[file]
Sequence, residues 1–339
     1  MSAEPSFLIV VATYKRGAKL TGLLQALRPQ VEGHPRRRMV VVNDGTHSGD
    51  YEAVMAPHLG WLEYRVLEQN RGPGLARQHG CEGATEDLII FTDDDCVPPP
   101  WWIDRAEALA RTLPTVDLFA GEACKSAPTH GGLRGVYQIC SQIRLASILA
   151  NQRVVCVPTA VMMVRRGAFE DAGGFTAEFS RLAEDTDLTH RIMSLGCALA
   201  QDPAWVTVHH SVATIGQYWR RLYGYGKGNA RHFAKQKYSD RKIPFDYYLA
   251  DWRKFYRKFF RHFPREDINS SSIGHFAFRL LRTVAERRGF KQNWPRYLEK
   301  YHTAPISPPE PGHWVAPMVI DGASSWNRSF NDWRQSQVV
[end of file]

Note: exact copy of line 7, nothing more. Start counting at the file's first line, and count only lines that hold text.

   251  DWRKFYRKFF RHFPREDINS SSIGHFAFRL LRTVAERRGF KQNWPRYLEK